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[Editor's Note: The ideas of Smart Growth and the One Bay Area Plan are similiar to the autocratic land use planning under the Soviet power. The author of this article reaches many of the same conclusions that we have concerning Smart Growth. Freedom and responsibility under democratic self rule are preferable bureaucratic oppression and tyranny.]
Excerpt from Urbanism under Stalin
Postwar development brought historicism to new extremes in the form of monumental plazas, dramatic statues, and seven famous "wedding cake" high-rises built throughout the city between 1947 and 1953. The largest and perhaps most extravagant is Lomonosov Moscow State University (MSU), which includes a botanical garden and extensive landscaping connected to the park along the river at Lenin (currently Sparrow) Hills.
Fearful symmetry, 1949.
An earlier design, 1947.
Open land around the new building, 1954.
New development, 1957.
An older house prepared for demolition to accommodate the Universitet neighborhood along Leninsky Prospect, 1957.
Housing for everyday citizens remained terribly insufficient, as elites were given beautiful apartments in the city and cottages in the country. New residential development tended to follow a kvartal model, in which buildings of roughly 5-10 stories were bounded by a city block with shops at street level and shared interior courtyards. Today, at least in the more affluent neighborhoods of Moscow, these structures have aged well. They combine density with pleasant landscaping and easy access to amenities. This model influenced the development of larger apartment blocks in "microdistricts" after Stalin's rule. These places are generally not considered beautiful. Still, there is much to be said for the kvartal idea.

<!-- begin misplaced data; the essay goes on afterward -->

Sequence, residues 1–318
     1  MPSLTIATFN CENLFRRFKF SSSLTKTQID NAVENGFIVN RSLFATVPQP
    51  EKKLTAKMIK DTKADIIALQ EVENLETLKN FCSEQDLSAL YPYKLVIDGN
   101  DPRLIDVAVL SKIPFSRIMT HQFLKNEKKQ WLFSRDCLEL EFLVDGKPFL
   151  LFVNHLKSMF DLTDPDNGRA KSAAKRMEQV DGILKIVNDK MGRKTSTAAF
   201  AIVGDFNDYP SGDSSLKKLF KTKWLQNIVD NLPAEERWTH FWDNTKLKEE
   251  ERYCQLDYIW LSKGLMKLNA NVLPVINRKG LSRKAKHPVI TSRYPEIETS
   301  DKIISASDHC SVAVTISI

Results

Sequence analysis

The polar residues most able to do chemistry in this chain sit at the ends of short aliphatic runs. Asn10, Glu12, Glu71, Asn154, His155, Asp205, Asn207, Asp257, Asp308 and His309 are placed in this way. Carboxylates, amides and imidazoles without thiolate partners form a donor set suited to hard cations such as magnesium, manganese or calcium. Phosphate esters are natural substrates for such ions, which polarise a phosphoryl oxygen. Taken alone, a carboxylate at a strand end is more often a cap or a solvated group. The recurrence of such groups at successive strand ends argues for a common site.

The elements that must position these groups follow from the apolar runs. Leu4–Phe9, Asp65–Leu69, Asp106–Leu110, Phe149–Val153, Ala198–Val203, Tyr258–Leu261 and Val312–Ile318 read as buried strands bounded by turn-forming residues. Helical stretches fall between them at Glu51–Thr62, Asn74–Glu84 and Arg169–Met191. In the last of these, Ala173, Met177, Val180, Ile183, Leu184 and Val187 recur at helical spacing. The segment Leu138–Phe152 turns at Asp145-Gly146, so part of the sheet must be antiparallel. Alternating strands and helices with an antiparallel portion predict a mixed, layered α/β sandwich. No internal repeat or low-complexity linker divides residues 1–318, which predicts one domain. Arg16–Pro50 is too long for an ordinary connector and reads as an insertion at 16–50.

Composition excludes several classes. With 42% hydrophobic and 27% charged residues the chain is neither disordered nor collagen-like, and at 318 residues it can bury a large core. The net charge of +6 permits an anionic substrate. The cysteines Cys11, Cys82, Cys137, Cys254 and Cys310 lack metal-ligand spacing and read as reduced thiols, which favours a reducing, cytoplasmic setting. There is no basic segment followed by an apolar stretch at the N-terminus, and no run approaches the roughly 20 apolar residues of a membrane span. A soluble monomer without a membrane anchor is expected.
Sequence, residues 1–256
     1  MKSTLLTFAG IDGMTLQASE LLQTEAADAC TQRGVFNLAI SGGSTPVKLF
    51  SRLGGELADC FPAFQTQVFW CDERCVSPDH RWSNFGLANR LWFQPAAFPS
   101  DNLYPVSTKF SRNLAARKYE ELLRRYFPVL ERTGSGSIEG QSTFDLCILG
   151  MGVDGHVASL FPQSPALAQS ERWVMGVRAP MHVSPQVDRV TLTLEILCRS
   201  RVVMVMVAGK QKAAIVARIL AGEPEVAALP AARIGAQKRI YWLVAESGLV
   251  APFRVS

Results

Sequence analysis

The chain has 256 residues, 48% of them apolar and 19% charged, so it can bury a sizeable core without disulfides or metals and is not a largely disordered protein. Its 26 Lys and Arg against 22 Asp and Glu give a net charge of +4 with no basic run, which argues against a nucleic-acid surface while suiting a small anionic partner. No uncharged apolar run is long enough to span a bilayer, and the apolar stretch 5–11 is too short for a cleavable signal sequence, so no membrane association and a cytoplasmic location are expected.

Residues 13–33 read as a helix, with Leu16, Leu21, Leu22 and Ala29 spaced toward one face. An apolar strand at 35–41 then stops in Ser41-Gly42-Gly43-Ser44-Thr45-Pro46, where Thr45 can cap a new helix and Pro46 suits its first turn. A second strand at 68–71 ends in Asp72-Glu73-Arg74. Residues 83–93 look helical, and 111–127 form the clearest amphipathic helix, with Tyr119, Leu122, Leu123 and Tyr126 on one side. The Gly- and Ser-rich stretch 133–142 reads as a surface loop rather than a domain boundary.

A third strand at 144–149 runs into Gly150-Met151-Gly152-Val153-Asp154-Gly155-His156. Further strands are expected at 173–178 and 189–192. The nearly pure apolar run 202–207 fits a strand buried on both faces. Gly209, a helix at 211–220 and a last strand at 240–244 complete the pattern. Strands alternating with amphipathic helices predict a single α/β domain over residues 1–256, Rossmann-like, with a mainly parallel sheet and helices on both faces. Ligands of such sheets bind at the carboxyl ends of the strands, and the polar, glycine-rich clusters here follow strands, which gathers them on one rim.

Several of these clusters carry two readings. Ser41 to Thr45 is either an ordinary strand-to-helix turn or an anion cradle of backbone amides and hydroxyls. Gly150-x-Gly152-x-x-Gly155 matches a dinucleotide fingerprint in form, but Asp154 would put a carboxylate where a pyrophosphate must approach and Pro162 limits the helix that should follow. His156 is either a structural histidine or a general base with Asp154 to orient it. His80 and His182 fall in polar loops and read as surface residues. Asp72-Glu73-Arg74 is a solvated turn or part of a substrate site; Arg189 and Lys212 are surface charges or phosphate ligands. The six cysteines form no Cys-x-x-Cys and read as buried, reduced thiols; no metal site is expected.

Kvartal-like courtyard at lower-right corner, beside the residential tower at Kudrinskaya Square, 1954.
Stalinist urbanism draws upon a number of ideas raised in the 1920s for the socialist city, including the modernization of infrastructure, communal housing, employment and amenities close to home, ubiquitous public transportation, and the integration of green space. However, basic human needs were neglected in favor of industrial development and an image of grandeur. Human rights were given even less concern. This abuse of power in the name of socialism is an enduring tragedy. Stalin's massive urban modernization projects made it possible for Moscow to accommodate a great influx of people. But I'm not sure if they improved living conditions on the whole, or if the ecological consequences can be justified.
Stalin surveying a construction site, followed by Voroshilov, a removed person, and an unidentified person, mid-1930s.
In some ways Moscow's high-density living, extensive public transportation system, and accessible parks sound like a contemporary planner's dream. However, after reading about Stalin I've become more sympathetic to the flip side of this equation, the suburban house with a small park (ie, yard) of one's own, where we can adapt the environment on a smaller scale without imposing our will on others. Can urban condos and parks meet those kinds of needs?
"Increased public spending on health and physical education," a section from the Second Five Year Plan, 1934.
This might seem like a loss of faith in cities, but the real problem is abusive power. Stalin accomplished many things in Moscow that have proven of enduring value. But process is at least as important as results in this case. Great places can come about through autocratic, democratic, capitalist, and socialist means. But for the good of daily life in cities, a democratic socialism sounds preferable to autocratic socialism or democratic capitalism. Oppression and exploitation must give way to freedom and responsibility.
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